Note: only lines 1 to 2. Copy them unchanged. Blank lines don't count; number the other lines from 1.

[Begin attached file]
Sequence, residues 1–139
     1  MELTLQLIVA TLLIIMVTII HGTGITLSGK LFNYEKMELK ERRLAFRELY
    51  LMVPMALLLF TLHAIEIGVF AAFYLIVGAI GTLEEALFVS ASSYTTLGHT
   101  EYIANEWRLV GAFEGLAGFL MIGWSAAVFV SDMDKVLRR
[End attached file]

Sequence, residues 1–139
     1  MELTLQLIVA TLLIIMVTII HGTGITLSGK LFNYEKMELK ERRLAFRELY